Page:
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Superior Sequels: Three Men and a Baby vs Three Men and a Little Lady

This week’s Superior Sequels debate was inspired by Mrs Screen Room’s recent desire to watch both films back to back.

Today we’re looking at an 80s classic and its early 90s sequel:

Three Men and a Baby (1987) vs Three Men and a Little Lady (1990)

I hadn’t seen either of these films for ages until a couple of weeks ago. I’m surprised my sister didn’t wear out her VHS copy of the second one when we were in our teens, she watched it so much. And now I think about it, I might’ve even seen that one more times than the first one.

Whenever I think about Three Men and a Baby I remember the whole “ghost boy” mystery that surrounded it years ago. In one scene when Ted Danson’s mother turns up at the apartment, the creepy “ghost boy” appears to be peering out from behind the curtain in the background, seemingly unnoticed in post production.

As it turned out there were no ghostly goings-on on the set of the movie, and the “ghost” was revealed to be a cardboard cut-out of Danson’s character (who plays an actor in the film). The cut-out was a prop from a scene that never made it into the movie. Even so, it was all a bit freaky in the days before you could just go on the internet and Google it.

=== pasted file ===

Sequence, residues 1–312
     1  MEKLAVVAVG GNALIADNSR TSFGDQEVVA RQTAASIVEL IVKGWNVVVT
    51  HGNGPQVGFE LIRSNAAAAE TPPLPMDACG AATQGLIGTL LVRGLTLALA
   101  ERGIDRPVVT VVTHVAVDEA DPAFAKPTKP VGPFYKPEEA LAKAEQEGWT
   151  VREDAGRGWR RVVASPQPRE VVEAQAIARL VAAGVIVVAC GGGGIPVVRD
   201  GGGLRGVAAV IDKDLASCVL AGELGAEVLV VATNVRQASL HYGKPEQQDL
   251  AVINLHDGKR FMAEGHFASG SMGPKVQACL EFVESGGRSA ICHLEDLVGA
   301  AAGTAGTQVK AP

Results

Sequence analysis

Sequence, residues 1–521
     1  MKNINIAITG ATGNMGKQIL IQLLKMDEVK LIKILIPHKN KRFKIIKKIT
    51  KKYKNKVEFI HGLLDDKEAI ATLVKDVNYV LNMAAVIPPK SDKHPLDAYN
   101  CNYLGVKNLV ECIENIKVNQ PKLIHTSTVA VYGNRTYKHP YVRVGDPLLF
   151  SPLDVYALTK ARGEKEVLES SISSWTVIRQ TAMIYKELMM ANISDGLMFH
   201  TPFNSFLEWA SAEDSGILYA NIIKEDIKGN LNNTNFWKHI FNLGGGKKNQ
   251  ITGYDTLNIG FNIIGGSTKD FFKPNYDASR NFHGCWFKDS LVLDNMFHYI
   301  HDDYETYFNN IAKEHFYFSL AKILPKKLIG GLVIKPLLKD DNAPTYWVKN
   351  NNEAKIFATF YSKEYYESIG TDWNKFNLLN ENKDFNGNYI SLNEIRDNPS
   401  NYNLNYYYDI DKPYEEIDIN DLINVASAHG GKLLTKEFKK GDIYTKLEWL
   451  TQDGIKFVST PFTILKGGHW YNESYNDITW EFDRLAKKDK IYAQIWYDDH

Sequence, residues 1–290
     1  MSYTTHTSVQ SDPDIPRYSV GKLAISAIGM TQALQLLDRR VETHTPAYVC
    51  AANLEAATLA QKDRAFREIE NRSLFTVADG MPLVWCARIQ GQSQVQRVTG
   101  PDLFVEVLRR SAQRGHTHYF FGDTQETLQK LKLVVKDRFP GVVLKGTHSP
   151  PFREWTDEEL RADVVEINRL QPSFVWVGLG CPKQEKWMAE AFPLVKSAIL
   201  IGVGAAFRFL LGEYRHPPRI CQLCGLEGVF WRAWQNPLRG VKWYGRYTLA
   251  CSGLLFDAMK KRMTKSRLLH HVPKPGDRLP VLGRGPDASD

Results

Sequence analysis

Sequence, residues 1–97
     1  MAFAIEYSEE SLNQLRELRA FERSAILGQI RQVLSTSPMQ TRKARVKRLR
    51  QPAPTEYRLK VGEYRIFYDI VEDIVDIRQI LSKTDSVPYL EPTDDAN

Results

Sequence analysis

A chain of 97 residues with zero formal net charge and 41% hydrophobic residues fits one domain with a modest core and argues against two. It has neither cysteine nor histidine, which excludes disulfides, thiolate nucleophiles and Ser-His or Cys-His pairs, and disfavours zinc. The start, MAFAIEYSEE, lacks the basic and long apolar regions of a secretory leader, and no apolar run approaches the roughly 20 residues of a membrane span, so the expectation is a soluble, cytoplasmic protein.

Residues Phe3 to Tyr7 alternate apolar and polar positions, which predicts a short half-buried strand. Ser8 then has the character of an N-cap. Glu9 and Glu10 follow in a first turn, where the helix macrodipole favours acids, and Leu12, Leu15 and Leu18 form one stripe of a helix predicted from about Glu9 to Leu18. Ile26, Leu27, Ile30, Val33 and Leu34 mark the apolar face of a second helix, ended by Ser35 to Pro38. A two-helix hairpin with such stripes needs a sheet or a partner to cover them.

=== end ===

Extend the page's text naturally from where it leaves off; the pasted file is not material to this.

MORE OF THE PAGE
But I digress…

Directed by Mr Spock himself (Leonard Nimoy), Three Men and a Baby (which is based in the 1985 French film “Trois hommes et un couffin” (Three Men and a Cradle)) was one of the biggest American box office hits of the year, beating out competition from movies like Lethal Weapon, Predator, Crocodile Dundee and even Dirty Dancing.

It has some good laughs and it plays on the heart strings with a nice sweet story about three New York bachelors whose lives are turned upside down when they find a baby (Mary, the love child of Danson) on their doorstep.

The sequel is more of a comedy-romance that centres mainly on Tom Selleck’s character who has since fallen in love with Mary’s mother, Sylvia (Nancy Travis), but is reluctant to confess his feelings. Things go t#ts up when Sylvia decides to marry someone else and move back to her “native” England, taking Mary with her.

Both are incredibly easy-to-watch “Sunday afternoon” movies, but which is the better film?

Is the original film that has you singing “Goodnight Sweetheart Goodnight” long after the end credits role, and that made women (and men) of the 80s swoon over three of the biggest male actors of the time struggling with baby-related tasks the indisputable winner? OR, is the follow up that focussed on romance, and that made the song “Waiting for a Star to Fall” by Boy Meets Girl an absolute banger on its second release another rare example of a Superior Sequel..?

Have your say below in the comments.

(By the way, a third movie entitled Three Men and a Bride was announced in 2010 with the main cast members all set to return. Sadly though it was abandoned in favour of a reboot that, as of 2020 had Zac Effron cast in a starring role. So far it hasn’t materialised…)

Here's a video of Tom Selleck talking about the Three Men and a Baby "ghost", as well as the cancelled sequel.


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